My well tank is rated at 150 lbs though my pump cuts off at 50.
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Claude Hopper wrote:

I have a slightly different problem. I recently converted from well water to county water. The county pressure is very high and I need to cut it back to around 60 psi. I don't have a pressure gauge in line so I can't see what the pressure is now. How can I cut the pressure to about what I used to have with the pump? Do I need to just close down the valve where the water comes into the house or do I go to the meter by the street and close it down there? Or do I call the water company and have them adjust it? Thanks
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You need to install a PRV (Pressure Reducing Valve) where the line enters the house...or where it enters the property if it branches off to different place. Can't give an estimate on cost but it is a simple thing and shouldn't be a bank breaker.
Closing down a valve will not do it. It might reduce the dynamic (while in use) pressure but the static (no water draw) pressure will build back up to the original.
Harry K
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Harry K wrote:

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I think I paid around $30 for one a few years back. Home Depot perhaps. Personally I'd call the water company first and see what they say.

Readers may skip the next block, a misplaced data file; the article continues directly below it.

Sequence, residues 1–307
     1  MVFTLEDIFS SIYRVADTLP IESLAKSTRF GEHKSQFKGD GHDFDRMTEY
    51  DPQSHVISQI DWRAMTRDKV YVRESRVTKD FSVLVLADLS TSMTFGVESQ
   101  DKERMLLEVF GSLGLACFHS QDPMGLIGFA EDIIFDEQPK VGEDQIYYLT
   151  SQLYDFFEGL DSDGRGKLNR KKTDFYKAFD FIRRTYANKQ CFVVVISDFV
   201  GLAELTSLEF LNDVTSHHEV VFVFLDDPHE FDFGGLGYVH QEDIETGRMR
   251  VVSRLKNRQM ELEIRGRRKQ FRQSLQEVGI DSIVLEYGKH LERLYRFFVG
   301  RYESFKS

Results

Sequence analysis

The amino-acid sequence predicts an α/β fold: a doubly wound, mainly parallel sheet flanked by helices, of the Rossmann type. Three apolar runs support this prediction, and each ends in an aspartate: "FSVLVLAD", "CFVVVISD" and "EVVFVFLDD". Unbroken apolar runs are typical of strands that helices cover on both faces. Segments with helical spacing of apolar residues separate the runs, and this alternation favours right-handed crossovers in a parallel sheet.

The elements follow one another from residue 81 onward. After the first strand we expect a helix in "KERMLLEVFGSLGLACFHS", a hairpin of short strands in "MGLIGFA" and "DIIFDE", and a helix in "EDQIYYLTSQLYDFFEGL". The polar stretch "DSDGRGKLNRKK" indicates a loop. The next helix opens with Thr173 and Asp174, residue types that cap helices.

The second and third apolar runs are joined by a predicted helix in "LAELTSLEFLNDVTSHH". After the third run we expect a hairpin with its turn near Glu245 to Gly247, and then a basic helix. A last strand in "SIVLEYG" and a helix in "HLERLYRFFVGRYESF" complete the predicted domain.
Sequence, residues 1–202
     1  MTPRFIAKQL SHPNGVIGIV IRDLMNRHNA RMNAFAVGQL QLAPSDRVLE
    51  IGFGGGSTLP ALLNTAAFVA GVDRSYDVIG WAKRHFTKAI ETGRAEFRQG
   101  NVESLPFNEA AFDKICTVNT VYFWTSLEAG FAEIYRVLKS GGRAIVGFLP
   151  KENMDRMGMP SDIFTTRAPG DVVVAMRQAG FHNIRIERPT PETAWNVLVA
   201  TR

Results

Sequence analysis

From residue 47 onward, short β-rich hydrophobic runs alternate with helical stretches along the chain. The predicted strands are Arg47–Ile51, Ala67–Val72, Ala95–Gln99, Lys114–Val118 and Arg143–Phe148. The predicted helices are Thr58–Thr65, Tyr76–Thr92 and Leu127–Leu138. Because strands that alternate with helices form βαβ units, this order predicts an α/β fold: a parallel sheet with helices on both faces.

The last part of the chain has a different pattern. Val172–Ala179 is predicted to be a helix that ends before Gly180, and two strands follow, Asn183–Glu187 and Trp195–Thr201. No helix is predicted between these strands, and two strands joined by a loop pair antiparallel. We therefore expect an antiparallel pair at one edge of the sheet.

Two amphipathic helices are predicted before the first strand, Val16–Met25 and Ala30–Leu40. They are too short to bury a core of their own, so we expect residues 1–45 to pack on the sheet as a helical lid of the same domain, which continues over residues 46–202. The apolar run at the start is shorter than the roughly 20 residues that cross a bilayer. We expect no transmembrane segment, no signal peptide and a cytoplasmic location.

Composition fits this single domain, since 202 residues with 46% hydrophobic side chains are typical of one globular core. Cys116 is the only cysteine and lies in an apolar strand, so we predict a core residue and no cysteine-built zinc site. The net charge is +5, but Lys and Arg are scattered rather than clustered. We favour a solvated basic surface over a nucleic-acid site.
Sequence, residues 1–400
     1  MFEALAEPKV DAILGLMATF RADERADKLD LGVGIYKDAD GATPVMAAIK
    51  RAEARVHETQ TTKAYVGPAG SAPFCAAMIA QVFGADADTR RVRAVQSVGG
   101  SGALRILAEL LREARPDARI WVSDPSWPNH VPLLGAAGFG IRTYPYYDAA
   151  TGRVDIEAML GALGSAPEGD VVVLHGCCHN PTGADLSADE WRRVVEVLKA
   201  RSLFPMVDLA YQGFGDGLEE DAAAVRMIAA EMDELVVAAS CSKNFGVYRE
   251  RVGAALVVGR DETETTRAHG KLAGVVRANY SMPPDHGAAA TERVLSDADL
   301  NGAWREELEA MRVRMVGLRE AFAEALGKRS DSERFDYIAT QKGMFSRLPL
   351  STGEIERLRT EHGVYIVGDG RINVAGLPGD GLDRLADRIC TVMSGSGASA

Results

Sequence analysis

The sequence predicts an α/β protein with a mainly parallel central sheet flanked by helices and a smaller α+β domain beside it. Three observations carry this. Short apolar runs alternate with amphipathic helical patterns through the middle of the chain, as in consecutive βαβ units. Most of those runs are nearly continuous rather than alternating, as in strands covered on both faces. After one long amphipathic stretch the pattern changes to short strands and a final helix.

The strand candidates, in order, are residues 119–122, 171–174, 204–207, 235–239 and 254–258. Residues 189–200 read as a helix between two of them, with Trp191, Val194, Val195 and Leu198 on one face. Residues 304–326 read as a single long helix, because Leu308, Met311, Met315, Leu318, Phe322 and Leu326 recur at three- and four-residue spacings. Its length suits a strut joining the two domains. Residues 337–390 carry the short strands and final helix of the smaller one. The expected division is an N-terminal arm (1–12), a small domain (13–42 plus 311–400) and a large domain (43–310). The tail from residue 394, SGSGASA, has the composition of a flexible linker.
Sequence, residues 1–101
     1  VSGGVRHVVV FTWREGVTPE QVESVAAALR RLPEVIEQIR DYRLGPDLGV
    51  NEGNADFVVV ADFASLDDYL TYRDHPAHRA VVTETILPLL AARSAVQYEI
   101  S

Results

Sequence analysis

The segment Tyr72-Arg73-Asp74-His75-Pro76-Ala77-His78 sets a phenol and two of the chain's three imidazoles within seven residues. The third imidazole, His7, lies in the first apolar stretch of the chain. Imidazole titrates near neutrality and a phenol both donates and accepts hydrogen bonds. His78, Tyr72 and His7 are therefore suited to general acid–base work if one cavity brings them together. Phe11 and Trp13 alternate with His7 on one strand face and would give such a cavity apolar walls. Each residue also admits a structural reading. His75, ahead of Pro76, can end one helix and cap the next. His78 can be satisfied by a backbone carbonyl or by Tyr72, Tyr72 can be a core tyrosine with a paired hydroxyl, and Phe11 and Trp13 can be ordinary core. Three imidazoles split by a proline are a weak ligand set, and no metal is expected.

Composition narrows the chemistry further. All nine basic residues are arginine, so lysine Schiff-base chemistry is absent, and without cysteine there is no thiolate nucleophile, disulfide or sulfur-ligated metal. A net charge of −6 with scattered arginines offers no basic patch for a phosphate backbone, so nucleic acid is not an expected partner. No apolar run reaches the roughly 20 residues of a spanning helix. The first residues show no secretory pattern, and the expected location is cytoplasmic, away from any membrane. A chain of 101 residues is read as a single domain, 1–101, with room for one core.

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Good point! I have heard of places where the municipal system will pay for one if it is needed.
Harry K
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Harry K wrote:

Thanks for all the info. I will call the counthy water folks to start with and go from there. Chuck
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Harry K wrote:

Its actually good design to have high system pressure and a regulator near point of use. Our local water utility does exactly that with high system pressure and a requirement that you install a regulator.
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George wrote:

I took a look this morning and I seem to have a regulator installed in-line where the pipe comes into the house. It looks to have some sort of an adjustment on it. Is that supposed to limit the pressure? Also the end of the regulator is plugged. Is that ok? If I remove the plug and adjust the regulator does that cut down the pressure? I don't know why the plug is there. A plumber installed all this, last year. Thanks for any addl. info... Chuck
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On Dec 8, 9:23 pm, snipped-for-privacy@gmail.com wrote:

Not really enough information. Why do you want that high of pressure?
Pressures over 60psi is not recommended for residential use. Makes for excessive strain/wear on fixtures and gives no real benefit. If the pressure tank were much lower than the residence, then you might need to have a higher pressure there than at the house. You lose .43 psi per foot elevation difference.
Harry K